In any case, “The Consolation of Philosophy” is a literary work of art.


Audio-book Review
By Chet Yarbrough


This is Your Life, Harriet Chance

Written by: Jonathan Evison

Narrated by: Susan Boyce

Johnathan Evison (Author)

This is a story for those who have reached a certain age.  Though written by a man, it is narrated by a woman.  In some respects, that is a weakness.  Having been written by a man, it may distort the measure of a woman’s life.  However, Jonathan Evison offers an excellent representation of what life and death looks like to a man.  The mistakes some men make in life are legion, both as a parent and husband.


Evison speculates on an afterlife that says humans either die into nothingness or go to a place of peace and reconciliation.  Those are the only options in Evison’s story. 

The options are extreme but can be ameliorated by a gate keeper’s decisions about life’s led.  However, if you violate rules for a personal appearance to those left behind, you are doomed to the first extremity, nothingness.  Evison’s husband’ and father’ character chooses to violate the rules; in part because of his many guilt’s for living a selfish life.  It seems a penance he must pay to his wife, mistress, and children.

What makes Evison’s story good is the truth of what foolish, selfish men do in their lives.  Though life is ephemeral; either temporal or spiritual, many mistakes are made, both moral and ethical.


Harvey Weinstein charged with rape and sexual misconduct on May 25th 2018.


There is the horrid obsession of men with little girls described in Nabokov’s “Lolita”.  There is the vacuous life of Richard Ford’s main character in “The Sportswriter”.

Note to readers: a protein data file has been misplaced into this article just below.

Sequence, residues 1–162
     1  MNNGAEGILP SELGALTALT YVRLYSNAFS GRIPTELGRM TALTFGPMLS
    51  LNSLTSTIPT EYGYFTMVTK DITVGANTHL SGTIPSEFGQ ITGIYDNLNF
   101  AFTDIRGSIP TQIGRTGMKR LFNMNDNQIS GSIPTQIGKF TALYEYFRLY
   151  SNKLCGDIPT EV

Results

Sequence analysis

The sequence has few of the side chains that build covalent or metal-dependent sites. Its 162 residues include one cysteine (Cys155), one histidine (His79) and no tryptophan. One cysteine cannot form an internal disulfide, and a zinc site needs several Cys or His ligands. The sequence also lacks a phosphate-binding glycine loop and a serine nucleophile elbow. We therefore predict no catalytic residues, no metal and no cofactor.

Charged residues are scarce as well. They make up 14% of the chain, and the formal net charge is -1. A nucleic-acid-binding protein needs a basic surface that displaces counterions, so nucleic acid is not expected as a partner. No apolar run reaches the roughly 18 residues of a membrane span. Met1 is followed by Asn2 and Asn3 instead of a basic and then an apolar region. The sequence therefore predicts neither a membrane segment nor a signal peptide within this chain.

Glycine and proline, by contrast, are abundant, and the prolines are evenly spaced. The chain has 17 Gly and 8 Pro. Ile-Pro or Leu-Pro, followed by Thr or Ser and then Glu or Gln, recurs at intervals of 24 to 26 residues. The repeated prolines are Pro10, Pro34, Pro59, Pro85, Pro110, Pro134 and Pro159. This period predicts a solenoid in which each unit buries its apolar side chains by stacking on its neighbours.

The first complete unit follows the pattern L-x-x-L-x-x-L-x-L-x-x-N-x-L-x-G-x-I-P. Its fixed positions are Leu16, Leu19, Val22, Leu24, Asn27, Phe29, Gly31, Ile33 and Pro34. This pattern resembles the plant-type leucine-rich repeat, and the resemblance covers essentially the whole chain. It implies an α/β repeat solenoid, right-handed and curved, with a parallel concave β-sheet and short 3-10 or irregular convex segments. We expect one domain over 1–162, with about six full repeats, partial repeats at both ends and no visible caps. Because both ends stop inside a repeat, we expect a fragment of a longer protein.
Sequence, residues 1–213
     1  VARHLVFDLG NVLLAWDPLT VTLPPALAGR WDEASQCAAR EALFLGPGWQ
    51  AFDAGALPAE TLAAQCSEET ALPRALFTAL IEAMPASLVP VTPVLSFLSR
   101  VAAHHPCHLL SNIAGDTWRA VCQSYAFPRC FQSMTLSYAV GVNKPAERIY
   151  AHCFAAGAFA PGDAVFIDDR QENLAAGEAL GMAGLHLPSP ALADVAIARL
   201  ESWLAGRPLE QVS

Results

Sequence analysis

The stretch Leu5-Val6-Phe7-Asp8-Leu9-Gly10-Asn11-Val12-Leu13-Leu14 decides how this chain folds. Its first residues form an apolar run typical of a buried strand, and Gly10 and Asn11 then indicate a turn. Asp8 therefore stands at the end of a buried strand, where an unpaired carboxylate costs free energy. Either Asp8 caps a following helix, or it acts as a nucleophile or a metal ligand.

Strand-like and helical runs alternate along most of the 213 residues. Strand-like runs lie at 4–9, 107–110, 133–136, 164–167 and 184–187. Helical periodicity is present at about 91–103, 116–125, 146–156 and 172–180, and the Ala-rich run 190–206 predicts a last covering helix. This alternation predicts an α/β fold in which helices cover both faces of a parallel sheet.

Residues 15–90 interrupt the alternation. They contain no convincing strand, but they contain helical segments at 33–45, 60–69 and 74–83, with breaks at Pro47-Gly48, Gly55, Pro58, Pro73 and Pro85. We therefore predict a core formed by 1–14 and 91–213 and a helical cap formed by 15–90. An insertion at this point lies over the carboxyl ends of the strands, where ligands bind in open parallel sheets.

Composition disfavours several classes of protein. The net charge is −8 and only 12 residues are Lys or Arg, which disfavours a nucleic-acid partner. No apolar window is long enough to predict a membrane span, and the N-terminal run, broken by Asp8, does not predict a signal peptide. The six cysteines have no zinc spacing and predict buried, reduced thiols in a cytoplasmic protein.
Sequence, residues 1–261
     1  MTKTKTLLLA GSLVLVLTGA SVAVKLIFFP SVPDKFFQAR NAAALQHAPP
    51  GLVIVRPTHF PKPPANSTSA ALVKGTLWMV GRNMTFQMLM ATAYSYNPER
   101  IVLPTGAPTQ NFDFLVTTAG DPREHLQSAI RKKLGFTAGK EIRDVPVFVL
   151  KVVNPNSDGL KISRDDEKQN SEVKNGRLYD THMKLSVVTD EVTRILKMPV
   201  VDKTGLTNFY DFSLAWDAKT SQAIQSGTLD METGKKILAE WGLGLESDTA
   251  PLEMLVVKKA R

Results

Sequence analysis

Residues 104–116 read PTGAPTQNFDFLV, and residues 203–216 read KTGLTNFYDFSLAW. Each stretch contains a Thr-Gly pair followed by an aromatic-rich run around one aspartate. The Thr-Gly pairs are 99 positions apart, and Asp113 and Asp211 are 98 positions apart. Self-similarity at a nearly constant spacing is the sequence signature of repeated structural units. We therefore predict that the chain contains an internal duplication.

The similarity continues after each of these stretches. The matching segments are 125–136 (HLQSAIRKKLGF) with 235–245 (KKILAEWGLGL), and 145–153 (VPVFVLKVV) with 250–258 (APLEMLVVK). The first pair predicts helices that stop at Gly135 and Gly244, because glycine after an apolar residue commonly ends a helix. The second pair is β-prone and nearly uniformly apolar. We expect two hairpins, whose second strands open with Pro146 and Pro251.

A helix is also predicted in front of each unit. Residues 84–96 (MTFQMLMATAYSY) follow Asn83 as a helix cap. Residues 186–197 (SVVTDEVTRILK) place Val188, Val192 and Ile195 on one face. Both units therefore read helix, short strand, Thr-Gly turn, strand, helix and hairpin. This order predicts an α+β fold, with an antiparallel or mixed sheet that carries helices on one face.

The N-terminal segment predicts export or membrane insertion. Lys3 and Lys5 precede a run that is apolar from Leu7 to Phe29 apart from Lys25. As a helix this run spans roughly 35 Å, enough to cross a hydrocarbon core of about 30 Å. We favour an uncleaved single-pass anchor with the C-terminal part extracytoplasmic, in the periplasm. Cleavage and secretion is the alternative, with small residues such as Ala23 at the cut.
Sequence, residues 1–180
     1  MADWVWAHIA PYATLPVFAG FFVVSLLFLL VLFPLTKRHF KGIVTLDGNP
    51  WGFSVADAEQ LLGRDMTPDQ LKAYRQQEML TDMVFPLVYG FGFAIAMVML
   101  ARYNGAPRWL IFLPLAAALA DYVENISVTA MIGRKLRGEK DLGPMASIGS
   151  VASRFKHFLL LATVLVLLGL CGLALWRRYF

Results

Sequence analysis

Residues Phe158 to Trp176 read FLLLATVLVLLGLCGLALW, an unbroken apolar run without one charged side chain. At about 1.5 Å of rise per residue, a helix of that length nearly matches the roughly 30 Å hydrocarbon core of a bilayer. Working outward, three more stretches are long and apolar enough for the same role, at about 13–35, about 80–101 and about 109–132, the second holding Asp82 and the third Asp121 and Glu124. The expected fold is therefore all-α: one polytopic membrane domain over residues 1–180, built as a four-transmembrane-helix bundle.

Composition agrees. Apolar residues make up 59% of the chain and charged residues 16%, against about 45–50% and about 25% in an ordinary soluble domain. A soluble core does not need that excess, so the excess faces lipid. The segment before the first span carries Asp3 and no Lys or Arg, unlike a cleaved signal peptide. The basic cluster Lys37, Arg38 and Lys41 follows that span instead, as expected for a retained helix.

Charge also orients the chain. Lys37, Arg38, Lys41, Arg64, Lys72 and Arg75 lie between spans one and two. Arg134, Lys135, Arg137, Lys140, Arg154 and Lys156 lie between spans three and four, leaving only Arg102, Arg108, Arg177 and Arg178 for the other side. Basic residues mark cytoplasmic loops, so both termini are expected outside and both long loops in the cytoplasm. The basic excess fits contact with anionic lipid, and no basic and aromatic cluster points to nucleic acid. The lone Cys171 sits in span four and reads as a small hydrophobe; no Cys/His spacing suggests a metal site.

There is Russell Banks’ depiction of a morally bankrupt man/boy who prostitutes himself in “Lost Memory of Skin”.

Putting aside these extreme examples, Evison tells a story of the more common variety of male transgressions.  His observations ring true to listeners of a certain age.


Most men will see themselves in aspects of Evison’s story; not the extremes of Nabokov, Ford, and Banks but less than what a moral person should be.

Men who cheat on their wives.  Men who use work as an excuse for family neglect.  Men who fail to take responsibility for helping raise their children.  Men who demean their wives because they undervalue their contribution to life’s fulfillment.  Men who neglect their wives because of self-absorption.


Evison notes many faults in the lives of women in his story but having been written by a man, his objectivity is suspect.  On the other hand, women do cheat on their husbands.  Women do neglect their children.  Women do drink out of boredom with house work and social isolation.  Women do demean their husbands because they undervalue their contribution to life’s fulfillment.  Women do neglect their husbands because of self-absorption.

Joe Biden (Candidate for President of the United States.)

Evison touches every human being’s faults in “This is Your Life, Harriet Chance”.  No one is exempt from human failing. 

Being of a certain age makes Evison’s story enlightening and entertaining.  Enlightening because a listener knows they are not alone.  Entertaining because a listener will enjoy Evison’s perspective on life’s journey.